Dr. Jay Mercer, who oversees technology issues for the Canadian Medical Association as medical director of its Global Medic subsidiary, says some physicians have used voice recognition successfully but he doesn’t consider the technology ready for prime time. “People need to understand the ground rules. You have to buy top-end hardware, good software and a really good microphone. You have to work in an environment where there isn’t a lot of extraneous noise, and you have to be really patient. If you’re willing to do all these things ... then, yes, it’s going to work.”

However, Dr. Mercer says problems can sometimes crop up, creating sentences with unintended words. Charles Marriott, the distributor, says authors must always proofread their own documents regardless of how they’re created. “Secretaries aren’t perfect, either. If I have someone type something, it’s still my responsibility to proof it.”

According to Marriott, “NaturallySpeaking isn’t perfect, but it’s pretty good.”

Marriott says physicians need to be familiar with computers before they use voice recognition software, and they must be willing to spend time training the software to recognize their voice and manner of speaking. “You have to spend time customizing it,” Marriott says, comparing this process to housebreaking a pet. “You need to train a new puppy to do specific things, otherwise it does what it wants. Well, NaturallySpeaking does what it wants until you tell it that it’s wrong.”

Marriott adds that users need to recognize occasions when voice recognition makes sense and when it doesn’t. The software can be used to enter data on a chart, for instance, but there are times when it might be faster to use a keyboard and mouse.

Dr. John Tracey, a Brampton, Ontario general practitioner, says he is moving to an electronic medical record system and is testing voice-recognition to see how it performs that particular task. “One of the biggest barriers to going into an EMR system is the fact that a lot of doctors don’t type very quickly, or are not prepared to type all of their records into it,” Dr. Tracey says. “Voice recognition allows you to be free-flowing and dictate what you want.”

While Dr. Tracey has used several software-based voice recognition systems, he has settled on an application that Stratford, Connecticut-based Dictaphone hosts over the Internet. He connects to it via a VPN from wherever he happens to be. All communications with the application are encrypted for security purposes. “It turns my computer (an Acer TravelMate 8000 laptop) into a thin-client, so you don’t need a computer with tremendous computing power.”

Dr. Tracey pays a $300 monthly subscription fee but adds that he doesn’t use voice recognition to save money. Where I justify it is in terms of my ability to produce a better record. Records are clearer and fuller. I can say a lot more in three or four minutes than I can write. My notes are also legible. If one of my partners or colleagues is faced with one of my patients if I’m away, they can read those notes better than my handwriting.” •

BACK TO THE CONTENTS LISTING

 


EMR – a tale of two MDs

Dr. Eric Fishman of Florida and Dr. Karim Keshavjee of Ontario contribute to the EMR revolution in different ways.
.
By Issie Rabinovitch

Dr. Eric Fishman of Florida and Dr. Karim Keshavjee of Ontario don’t know each other but they have much in common: both are practicing physicians who spend a large part of their working hours encouraging and expediting the adoption of EMR (electronic medical records).

Dr. Fishman spends 20 hours a week practicing as an orthopedic surgeon in West Palm Beach. He spends the rest of his time as president of 1450, a Florida corporation that has been a major distributor of voice recognition software products and accessories in the United States and Canada since 1998. It is currently the largest distributor of ScanSoft Dragon NaturallySpeaking in the medical industry.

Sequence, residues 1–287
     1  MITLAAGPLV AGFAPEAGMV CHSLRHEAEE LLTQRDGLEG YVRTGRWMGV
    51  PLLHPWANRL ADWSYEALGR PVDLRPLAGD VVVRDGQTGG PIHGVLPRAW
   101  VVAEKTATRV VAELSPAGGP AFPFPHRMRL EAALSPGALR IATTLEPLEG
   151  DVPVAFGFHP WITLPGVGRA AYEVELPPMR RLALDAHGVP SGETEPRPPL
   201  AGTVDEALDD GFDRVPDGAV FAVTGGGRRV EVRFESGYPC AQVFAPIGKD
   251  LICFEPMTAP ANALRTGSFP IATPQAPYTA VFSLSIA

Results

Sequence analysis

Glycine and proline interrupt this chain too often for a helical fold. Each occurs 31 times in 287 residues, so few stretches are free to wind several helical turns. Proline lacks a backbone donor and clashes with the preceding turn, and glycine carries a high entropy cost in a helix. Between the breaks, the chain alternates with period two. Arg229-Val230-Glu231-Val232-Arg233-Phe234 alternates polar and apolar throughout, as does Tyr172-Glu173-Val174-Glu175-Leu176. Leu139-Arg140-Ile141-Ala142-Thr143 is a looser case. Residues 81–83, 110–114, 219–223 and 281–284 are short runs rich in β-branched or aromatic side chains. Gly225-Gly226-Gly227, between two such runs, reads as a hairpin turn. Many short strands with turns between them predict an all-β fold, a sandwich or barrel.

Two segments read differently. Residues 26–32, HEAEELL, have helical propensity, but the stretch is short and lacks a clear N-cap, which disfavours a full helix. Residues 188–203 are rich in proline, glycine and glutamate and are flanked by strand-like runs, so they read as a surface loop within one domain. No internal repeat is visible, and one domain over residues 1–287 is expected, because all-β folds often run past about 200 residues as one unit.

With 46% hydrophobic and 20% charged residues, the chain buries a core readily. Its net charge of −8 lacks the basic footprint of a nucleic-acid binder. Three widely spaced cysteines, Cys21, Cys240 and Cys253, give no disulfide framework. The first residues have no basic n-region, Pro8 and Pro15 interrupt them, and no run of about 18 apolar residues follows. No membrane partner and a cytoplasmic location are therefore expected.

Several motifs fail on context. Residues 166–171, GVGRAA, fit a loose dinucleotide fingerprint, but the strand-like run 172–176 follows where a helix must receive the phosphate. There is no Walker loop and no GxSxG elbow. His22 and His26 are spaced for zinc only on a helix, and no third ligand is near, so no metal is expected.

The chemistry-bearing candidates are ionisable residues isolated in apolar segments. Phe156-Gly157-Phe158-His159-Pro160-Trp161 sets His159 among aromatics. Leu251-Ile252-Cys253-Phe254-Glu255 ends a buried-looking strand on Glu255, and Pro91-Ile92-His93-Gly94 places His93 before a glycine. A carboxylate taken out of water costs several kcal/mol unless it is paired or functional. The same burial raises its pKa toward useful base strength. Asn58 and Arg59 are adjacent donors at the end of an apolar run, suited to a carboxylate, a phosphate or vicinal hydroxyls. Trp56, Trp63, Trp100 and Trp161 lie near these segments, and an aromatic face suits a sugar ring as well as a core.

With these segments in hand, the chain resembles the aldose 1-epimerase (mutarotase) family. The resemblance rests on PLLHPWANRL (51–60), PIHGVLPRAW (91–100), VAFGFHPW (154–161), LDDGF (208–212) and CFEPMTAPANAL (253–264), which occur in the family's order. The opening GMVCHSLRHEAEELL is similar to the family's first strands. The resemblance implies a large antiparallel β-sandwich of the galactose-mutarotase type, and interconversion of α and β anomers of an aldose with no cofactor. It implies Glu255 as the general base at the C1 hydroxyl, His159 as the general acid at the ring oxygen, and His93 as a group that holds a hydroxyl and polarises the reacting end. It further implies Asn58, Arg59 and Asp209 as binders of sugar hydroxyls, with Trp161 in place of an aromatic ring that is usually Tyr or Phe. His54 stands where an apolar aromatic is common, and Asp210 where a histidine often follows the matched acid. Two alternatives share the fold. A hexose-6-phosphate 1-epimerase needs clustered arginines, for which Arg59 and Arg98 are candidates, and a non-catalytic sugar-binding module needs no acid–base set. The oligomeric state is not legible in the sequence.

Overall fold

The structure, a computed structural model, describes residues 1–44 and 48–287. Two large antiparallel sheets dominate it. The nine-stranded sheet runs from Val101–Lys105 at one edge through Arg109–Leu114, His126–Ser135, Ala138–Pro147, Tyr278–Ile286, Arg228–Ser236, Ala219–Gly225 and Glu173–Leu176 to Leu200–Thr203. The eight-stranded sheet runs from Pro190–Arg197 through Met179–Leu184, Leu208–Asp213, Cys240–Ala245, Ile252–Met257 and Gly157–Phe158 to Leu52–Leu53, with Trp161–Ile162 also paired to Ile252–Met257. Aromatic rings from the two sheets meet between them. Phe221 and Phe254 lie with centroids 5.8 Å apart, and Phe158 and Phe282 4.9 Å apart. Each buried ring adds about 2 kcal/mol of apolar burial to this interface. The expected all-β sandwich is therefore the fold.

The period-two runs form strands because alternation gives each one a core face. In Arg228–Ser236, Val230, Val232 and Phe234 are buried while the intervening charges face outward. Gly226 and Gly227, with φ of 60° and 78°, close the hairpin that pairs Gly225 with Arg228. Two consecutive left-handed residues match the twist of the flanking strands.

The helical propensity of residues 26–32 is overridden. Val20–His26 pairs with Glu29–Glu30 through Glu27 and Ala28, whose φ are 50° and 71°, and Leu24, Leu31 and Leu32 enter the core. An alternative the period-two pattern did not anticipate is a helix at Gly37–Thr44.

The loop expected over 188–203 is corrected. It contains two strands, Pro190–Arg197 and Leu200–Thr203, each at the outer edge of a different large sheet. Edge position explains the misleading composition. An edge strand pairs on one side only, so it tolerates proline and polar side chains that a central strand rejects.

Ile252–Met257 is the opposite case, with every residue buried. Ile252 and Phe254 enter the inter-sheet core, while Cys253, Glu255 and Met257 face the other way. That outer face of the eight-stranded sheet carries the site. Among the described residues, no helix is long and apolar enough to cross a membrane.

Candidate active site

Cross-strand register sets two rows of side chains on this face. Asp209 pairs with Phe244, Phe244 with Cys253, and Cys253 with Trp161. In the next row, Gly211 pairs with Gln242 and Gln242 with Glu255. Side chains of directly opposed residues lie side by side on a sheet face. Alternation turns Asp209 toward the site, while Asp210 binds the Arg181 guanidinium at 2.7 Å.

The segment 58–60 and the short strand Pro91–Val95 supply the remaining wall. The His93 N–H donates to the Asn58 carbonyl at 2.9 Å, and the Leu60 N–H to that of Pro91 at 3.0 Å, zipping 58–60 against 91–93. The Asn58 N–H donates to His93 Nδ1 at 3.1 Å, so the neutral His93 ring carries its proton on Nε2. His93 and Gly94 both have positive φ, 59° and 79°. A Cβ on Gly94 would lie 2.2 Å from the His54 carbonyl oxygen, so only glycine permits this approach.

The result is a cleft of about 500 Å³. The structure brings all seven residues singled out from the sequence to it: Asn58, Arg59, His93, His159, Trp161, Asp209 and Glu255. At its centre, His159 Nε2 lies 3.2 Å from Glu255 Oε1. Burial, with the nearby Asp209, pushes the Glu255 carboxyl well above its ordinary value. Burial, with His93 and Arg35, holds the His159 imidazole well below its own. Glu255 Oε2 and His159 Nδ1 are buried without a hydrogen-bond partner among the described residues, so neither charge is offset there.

A division of 1450, emrconsultant.com, offers a valuable free service to physicians trying to computerize their clinics. It helps them choose the EMR software/solution that best suits their needs. It does that with a combination of automation and human inteaction.

The web site offers a tremendous amount of useful information. There’s a news and public policy section with many valuable links. In the EMR Data section there is a database of over 200 vendors who have satisfied various criteria (more on this later), a section entitled “Why an EMR?”, detailing 19 possible benefits, an extensive glossary of terms that is of interest to beginners and experts alike, Resources (over 20 links to discussion forums and documents), and links to seven key articles in the “Learn More about EMRs” section.

Valuable though these sections are, the major contribution of the www.emrconsultant.com site is its online questionnaire. In order to take the questionnaire, which is available only to physicians (in the U.S., Canada, and other countries), contact and practice information is entered in a secure fashion. The questionnaire is the product of considerable research and experience. It is linked to a sophisticated algorithm, developed by emrconsultant.com, which generates three to five suggestions for the physician. The process isn’t entirely automated. The suggestions produced by the algorithm are checked against the data by real people, including medical doctors, before they are sent off via e-mail. Within a week there is also personal contact via telephone.

If there is no charge to doctors using this service, how does 1450 pay for the considerable expenses it incurs? It has 15 employees, including a software developer, a webmaster, and other IT people. The answer is simple but interesting. The company has made arrangements with EMR vendors to receive a fee if they sell an EMR product to a person or organization referred to them by emrconsultant.com

In my discussion with Dr. Fishman, I naturally wanted to probe this arrangement. He made two points. If an EMR product satisfies demanding criteria, it is included in their database regardless of whether the vendor agrees to the fee arrangement or not.

Evaluation criteria of EMRs include financial stability and likely staying power – since it isn’t pleasant to have to switch providers due to bankruptcy.